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About The Production
The film depicts Burroughs' unsettling, humor-filled and highly personal recollections of growing up under the most berserk and often shocking circumstances. Raised by a bright but barely functional mother given to psychotic episodes, and an alcoholic father who left when the going got rough, the film tells the story of how Augusten was ultimately sent at 12 years old to live with his mother's shrink and the doctor's family of outrageous eccentrics. Seen through the eyes of a child's vivid mix of curiosity, compassion and dismay, the film depicts a flurry of alternately bracing and hilarious encounters with mental illness, sex, prescription drugs and counter-culture therapy that left Augusten's boyhood innocence in smithereens – and illustrates the way in which Augusten eventually broke free of it all to become a lauded writer.

Burroughs says now of his childhood: "It was definitely crazy and kind of awful and scary but it was also thrilling because I knew it was a once in a life time experience. And I paid very close attention when I was living that experience. I knew that I was going through something that if it didn't kill me would make me better in the end.”

Audiences will fall in love not only with the film's raucous, unflinching humor but with the inspirational idea that a person can move beyond, and even come to laugh about, the most twisted and seemingly incomprehensible of pasts.

Writer/director Ryan Murphy found himself instantly drawn to this project. Best known as the creator of the provocative television drama "Nip/Tuck,” Murphy was struck with a vision for how to create a screenplay that would tell an entertaining but also transcendent cinematic experience right from the start. "What I love about this project is that even though it was a very specific story about childhood, it's also very much about the universal quest for family and identity,” says Murphy. "I always thought the most important thing is that this is a survival story. It says that, ultimately, if you believe in yourself and in the idea that everybody has something to say, you can endure dire circumstances. It's also a story of forgiveness. Forgiving others is often really about forgiving yourself -- and when Augusten decides to forgive his mother for giving him away and for her mental illness, it allows him to go forward with hope.”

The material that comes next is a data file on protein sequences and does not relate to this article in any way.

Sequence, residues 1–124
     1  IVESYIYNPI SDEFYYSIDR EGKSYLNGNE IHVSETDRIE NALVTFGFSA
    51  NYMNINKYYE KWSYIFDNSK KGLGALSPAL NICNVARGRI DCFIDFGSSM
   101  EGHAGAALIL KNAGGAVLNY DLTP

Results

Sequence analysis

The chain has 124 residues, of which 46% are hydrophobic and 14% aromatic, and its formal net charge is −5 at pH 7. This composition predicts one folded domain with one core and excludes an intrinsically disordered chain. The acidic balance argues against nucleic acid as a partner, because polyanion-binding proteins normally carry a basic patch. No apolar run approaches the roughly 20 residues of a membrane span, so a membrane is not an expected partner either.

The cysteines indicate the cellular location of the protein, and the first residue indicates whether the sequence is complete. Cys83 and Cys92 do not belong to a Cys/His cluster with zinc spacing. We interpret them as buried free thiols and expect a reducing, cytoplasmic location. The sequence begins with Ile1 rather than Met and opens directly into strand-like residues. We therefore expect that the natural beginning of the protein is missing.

Murphy found that, despite the bizarre circumstances, many elements of Burroughs' reminiscences of growing up in the 70s resonated deeply with his own. "Augusten and I are the same age so we have the same reference points,” Murphy explains. "All the movies and television shows, record albums, books and magazines that he loved, I loved. It's interesting when you find somebody like that who is a real soul mate on a creative level.”

When Murphy first met with Burroughs, he made it clear that he intended to focus on the larger spirit and themes of the film. The bottom line was that Murphy wanted to make absolutely sure that none of the film's characters, no matter their failings or foibles, would come off on screen as villains. Instead, he hoped to emphasize the stark and sometimes tragic humanity of everyone involved in the story – from the eternally vulnerable Deirdre to Dr. Finch, who in the film can be as charmingly affectionate as he is disconcerting. Burroughs was intrigued by this approach, especially because Murphy wasn't willing to stop until he had fully probed Augusten's life and mind.

"When people see the movie, they will see some things that came through the personal discussions Ryan and I had,” says Burroughs. "There's a lot of additional richness in the screenplay that came from our talking together. At the same time, Ryan was also very protective. He was never thinking about wild, funny ideas he could use simply for the sake of the film, or saying ‘this would be cool

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